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Ohio GOP lawmakers favor remake of tainted energy bill

COLUMBUS, Ohio (AP) — There has been limited progress made by Ohio lawmakers who lined up to repeal and possibly replace a tainted $1 billion bailout for two nuclear plants more than two months ago, increasing the likelihood that around 90% of electric customers in the state will see charges for the bailout next year.

Customers would also find themselves paying to subsidize utility-scale solar projects that have not yet begun to produce electricity. That subsidy, like the one for the nuclear plants, is supposed to be paid based on the amount of power generated.

Bills to repeal legislation officially titled Ohio Clean Air Program but better known as HB6 were introduced in August, soon after federal authorities announced the nuclear bailout was tied to a $60 million bribery scheme overseen by the House speaker.

HB6 has been under intense scrutiny since U.S. Attorney David DeVillers announced on July 21 that House Speaker Larry Householder and four others had been arrested for their involvement in a bribery scheme secretly funded by an unidentified company that clearly was Akron-based FirstEnergy Corp. Authorities have described it as the biggest bribery scheme in state history.

Republicans, the majority party in both legislative chambers, say hearings will resume after the Nov. 3 election with an apparent consensus that a replacement bill should maintain nearly all of HB6’s provisions but include strict auditing requirements to determine whether the nuclear plants’ owner needs the money before subsidies are paid.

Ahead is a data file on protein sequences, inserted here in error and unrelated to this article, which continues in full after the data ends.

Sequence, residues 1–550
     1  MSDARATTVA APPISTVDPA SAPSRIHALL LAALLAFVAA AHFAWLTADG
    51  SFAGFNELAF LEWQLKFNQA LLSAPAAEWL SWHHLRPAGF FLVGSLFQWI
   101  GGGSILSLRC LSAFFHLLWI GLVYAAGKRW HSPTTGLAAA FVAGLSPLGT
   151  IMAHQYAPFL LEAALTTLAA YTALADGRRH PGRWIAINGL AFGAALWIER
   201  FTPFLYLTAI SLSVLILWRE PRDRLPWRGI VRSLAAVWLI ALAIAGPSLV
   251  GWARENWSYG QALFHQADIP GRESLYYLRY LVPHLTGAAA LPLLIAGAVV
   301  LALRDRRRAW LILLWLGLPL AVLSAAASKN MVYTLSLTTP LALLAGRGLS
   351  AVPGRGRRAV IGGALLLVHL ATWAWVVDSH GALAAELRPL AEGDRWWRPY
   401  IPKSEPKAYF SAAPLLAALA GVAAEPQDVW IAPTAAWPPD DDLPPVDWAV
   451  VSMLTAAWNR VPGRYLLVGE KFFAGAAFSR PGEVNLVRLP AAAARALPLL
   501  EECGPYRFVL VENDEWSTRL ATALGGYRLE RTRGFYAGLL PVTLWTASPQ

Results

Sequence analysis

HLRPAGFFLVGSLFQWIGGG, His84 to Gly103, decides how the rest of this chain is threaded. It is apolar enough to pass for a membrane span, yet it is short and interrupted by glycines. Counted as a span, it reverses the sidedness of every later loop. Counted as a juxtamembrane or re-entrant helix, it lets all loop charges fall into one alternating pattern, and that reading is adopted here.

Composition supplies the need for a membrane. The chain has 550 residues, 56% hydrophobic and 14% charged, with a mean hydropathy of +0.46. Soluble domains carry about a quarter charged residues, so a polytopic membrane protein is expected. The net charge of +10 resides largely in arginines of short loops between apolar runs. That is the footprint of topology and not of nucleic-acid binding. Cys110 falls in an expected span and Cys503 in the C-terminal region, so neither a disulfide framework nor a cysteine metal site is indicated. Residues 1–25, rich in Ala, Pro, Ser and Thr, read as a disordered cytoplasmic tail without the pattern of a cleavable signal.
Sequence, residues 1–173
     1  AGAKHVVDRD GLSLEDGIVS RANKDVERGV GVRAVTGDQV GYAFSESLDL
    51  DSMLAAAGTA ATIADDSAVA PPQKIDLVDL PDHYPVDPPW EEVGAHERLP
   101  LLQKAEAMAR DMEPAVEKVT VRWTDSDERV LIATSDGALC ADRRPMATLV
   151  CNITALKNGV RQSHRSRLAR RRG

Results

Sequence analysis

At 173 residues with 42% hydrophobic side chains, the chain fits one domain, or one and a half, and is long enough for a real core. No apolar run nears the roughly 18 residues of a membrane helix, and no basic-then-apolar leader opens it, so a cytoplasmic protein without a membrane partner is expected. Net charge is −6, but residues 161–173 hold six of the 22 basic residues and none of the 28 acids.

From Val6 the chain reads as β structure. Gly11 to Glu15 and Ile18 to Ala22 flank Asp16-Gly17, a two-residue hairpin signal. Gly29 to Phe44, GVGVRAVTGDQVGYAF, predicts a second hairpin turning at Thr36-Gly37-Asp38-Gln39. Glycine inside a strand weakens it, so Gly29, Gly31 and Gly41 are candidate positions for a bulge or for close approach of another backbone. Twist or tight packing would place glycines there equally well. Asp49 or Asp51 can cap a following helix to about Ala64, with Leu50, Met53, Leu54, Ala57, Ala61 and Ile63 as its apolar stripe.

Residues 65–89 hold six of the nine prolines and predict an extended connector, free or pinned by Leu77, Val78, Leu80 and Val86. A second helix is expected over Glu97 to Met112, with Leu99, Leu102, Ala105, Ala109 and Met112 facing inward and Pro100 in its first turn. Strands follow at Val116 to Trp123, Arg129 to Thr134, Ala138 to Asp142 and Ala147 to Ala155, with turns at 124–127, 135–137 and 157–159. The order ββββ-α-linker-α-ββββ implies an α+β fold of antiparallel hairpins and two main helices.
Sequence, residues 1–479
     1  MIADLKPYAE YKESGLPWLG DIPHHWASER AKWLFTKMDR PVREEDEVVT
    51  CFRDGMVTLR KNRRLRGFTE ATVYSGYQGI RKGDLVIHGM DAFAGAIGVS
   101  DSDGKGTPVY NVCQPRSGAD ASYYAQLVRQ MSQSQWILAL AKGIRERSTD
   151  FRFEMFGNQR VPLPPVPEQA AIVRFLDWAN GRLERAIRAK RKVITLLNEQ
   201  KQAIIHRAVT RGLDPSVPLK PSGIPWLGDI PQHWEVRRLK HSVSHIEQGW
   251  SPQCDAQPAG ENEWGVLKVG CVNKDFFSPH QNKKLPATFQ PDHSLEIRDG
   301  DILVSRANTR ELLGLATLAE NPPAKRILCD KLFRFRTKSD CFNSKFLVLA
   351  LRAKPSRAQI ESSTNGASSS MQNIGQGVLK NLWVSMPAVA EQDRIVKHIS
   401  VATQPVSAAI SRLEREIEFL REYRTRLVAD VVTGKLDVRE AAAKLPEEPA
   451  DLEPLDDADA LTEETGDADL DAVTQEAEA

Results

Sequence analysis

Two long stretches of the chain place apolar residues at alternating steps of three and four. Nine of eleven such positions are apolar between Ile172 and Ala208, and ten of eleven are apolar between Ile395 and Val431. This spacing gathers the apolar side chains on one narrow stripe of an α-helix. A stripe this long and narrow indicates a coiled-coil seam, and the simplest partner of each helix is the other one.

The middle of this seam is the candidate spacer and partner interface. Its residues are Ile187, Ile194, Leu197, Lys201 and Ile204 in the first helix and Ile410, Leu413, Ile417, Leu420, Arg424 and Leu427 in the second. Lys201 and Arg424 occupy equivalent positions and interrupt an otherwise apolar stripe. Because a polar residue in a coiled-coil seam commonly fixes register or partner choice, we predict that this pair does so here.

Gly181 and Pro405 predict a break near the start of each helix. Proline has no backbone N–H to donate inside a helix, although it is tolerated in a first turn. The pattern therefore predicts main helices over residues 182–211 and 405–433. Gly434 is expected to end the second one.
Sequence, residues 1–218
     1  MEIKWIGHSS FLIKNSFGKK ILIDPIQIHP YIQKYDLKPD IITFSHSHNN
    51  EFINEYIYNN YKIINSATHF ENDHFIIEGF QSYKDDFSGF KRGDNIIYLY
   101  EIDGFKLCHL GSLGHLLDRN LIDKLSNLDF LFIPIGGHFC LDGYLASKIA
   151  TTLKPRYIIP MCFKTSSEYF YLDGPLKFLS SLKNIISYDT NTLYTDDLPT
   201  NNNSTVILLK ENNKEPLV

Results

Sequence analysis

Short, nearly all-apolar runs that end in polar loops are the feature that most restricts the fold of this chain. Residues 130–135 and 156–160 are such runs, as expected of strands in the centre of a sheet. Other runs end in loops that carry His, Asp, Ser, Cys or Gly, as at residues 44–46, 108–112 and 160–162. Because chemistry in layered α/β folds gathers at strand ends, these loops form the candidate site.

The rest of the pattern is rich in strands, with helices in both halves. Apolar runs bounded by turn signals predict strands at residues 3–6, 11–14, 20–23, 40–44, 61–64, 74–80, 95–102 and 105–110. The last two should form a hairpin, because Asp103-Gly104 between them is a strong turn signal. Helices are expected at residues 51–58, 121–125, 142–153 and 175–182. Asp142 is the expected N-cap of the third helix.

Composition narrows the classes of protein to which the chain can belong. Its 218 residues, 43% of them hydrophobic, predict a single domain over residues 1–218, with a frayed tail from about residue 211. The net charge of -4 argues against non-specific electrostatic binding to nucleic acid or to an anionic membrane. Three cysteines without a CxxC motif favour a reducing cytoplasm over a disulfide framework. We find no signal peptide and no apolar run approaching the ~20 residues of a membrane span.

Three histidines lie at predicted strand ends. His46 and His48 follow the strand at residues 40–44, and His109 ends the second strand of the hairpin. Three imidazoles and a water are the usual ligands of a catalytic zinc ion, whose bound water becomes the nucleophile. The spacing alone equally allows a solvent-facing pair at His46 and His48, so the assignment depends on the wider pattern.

Democrats argued for that requirement before HB6 was approved with little support from party members last July. The version that became law a year ago calls for annual reviews conducted by the Public Utilities Commission of Ohio after subsidies are paid.

A FirstEnergy subsidiary operated the plants until February, when a new privately held company called Energy Harbor took ownership in a deal struck in bankruptcy court. Questions about whether Energy Harbor needs the bailout money arose earlier this year after Energy Harbor received permission to buy back $800 million of its stock, which indicates strong financial health.

Householder was removed as speaker at the end of July. All five men were indicted on federal racketeering charges and have pleaded not guilty. FirstEnergy CEO Chuck Jones has said the company committed no wrongdoing.

Rep. James Hoops, a Republican from Napoleon, chairs the House committee considering next steps regarding HB6.

“Republicans, like Democrats, are disappointed all of this occurred,” Hoops said of the bribery scandal. “It’s a black eye on the legislative process because of one person. It doesn’t mean this was bad legislation. Now we have to figure out as we move forward what’s best for the state of Ohio and its energy policy.”

Rep. David Leland, a Democrat from Columbus, said HB6 needs to be replaced before discussions on future energy policy in the state move forward.

“The only way we send a message to the people of Ohio that Ohio is not for sale is to fully repeal HB6,” Leland said.

The Legislature missed an Oct. 1 deadline to repeal the legislation and prevent charges from being added to electric bills for around 90% of Ohio customers starting in January. The current bill allows the plants’ new owner, Energy Harbor, to receive as much as $150 million a year based the amount of electricity the plants generate.

The Legislature could repeal HB6 in an emergency measure before year’s end, preventing the charge from being added to customers’ bills, although it appears unlikely as Republicans consider how to proceed.

Meanwhile, Ohio Attorney General Dave Yost filed a lawsuit to stop the subsidy from being collected.

“We’re just trying to get our arms around if we do things here how it affects energy policy,” Hoops said. “We’re going to be more transparent and deliberate and make sure everyone understands what the implications are.”

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